Color and Spirituality
A legendary Abstract Expressionists, Mark Rothko was insistent that his art was filled with content, and brimming with his ideas..
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Mark Rothko, No.61, Rust and Blue, 1953
Titian, Noli me tangere, (Do Not Touch Me), 1511-12
Rothko said of himself that he was 'no colorist,' and he seems to have regarded color as a tool of conventional composition, and to that extent distrusted it. However, his devotion to enriching the color effects in his work shows that it was important to him. In particular, he seems to have learned from the techniques of the Old Masters. Titian realized, in the 16th century, that modulating the use of color - in particular, using tones both darker and lighter than the dominant hue - could deepen and enrich the appearance of the hue. This insight seems to have motivated the layering of color in Rothko's work. Rothko wanted to lend his pictures what he called an "inner light," a quality of luminosity that suggested vivid depths - one might also compare the experience of contemplating one of his works to staring tinto a fire. This, he hoped, would encourage an experience for the viewer not unlike that of an encounter with another human being. Although the proper context for this idea is Abstract Expressionism, it is thought that Rothko may have borrowed the phrase from a contemporary book on the techniques of the Old Masters. Just as Titian may have labored over his colors in order to produce particular qualities of beauty that would complement his often religious subject matter, so Rothko did the same to lend a spiritual quality to works that had no ostensible subject matter at all.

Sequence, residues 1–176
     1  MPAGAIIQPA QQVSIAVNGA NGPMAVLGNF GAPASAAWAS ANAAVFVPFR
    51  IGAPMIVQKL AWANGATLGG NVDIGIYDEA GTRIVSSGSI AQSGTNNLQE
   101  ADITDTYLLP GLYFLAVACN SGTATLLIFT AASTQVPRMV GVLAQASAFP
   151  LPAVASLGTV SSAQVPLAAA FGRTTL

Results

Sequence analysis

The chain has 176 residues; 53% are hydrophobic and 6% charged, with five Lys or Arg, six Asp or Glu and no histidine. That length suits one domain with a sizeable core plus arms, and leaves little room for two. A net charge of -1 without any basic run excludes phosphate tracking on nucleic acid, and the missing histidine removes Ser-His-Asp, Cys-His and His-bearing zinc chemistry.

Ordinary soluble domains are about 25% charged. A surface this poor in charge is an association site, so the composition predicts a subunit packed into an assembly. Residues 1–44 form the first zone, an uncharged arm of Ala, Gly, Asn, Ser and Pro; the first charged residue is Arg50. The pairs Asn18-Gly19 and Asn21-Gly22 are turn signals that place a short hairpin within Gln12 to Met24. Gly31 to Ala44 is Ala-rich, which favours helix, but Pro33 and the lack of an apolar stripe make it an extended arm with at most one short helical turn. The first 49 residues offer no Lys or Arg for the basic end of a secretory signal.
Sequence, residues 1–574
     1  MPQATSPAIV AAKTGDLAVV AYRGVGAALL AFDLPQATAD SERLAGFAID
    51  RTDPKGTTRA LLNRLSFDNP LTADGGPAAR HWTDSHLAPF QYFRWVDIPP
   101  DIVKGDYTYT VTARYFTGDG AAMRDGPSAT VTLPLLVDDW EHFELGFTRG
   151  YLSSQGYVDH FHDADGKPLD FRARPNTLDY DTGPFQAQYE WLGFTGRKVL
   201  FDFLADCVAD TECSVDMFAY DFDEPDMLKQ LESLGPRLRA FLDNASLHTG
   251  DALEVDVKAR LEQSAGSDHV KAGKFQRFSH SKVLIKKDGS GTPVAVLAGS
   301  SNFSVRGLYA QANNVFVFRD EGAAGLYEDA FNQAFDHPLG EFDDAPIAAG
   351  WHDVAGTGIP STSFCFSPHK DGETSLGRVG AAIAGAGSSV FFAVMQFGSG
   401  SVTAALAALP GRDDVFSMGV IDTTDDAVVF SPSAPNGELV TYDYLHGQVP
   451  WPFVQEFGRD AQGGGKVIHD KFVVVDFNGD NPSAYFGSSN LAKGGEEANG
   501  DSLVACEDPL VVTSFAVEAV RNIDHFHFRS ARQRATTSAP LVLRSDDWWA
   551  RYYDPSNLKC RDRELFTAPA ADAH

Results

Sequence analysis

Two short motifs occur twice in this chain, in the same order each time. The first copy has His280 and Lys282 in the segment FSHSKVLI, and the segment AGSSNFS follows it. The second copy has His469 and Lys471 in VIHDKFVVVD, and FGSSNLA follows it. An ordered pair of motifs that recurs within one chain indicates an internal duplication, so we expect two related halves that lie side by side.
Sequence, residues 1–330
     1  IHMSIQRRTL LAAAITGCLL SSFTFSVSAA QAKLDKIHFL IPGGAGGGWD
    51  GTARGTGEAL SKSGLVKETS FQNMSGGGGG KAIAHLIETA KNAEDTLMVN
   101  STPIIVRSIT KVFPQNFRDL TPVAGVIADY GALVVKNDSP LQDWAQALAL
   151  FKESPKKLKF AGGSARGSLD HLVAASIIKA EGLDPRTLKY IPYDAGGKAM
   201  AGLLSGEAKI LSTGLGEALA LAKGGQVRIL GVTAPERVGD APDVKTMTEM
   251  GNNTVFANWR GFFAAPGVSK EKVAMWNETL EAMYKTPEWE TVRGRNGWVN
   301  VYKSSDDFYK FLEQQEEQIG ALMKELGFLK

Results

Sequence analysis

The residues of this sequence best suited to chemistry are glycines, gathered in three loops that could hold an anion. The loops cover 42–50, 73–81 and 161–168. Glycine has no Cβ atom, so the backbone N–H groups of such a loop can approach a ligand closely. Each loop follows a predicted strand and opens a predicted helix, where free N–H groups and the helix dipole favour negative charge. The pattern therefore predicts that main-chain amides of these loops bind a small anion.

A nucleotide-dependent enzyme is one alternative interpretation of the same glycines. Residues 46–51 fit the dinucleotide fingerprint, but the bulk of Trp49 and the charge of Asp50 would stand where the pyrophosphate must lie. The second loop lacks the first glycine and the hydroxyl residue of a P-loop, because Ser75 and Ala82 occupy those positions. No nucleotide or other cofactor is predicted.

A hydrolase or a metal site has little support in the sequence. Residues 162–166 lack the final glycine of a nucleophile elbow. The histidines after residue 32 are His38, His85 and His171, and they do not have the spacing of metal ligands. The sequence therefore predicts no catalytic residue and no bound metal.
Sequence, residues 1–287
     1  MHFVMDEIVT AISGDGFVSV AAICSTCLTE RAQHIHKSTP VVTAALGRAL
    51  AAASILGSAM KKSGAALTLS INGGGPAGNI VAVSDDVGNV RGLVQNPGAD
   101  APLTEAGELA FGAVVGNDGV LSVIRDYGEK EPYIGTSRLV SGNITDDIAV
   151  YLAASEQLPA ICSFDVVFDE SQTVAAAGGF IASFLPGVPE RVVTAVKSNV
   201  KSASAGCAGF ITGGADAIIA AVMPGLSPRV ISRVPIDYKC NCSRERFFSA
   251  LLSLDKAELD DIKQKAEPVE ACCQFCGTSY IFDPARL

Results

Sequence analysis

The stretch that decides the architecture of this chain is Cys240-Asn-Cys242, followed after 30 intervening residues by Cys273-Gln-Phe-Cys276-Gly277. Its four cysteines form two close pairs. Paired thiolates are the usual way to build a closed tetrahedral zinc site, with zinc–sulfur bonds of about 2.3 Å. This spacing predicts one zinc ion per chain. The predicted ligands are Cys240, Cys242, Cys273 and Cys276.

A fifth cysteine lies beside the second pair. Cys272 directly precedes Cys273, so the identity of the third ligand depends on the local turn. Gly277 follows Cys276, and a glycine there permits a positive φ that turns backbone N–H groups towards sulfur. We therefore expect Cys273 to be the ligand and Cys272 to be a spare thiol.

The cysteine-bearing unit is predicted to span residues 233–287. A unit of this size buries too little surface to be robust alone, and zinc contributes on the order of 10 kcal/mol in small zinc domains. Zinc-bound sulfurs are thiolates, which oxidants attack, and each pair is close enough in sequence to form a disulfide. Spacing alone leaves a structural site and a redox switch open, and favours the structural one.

NOTE: The ideas in this comparison are drawn from John Gage, "Rothko: Color as a Subject," National Gallery of Art, Washington, D.C., 1998.
Abstraction and Spirituality
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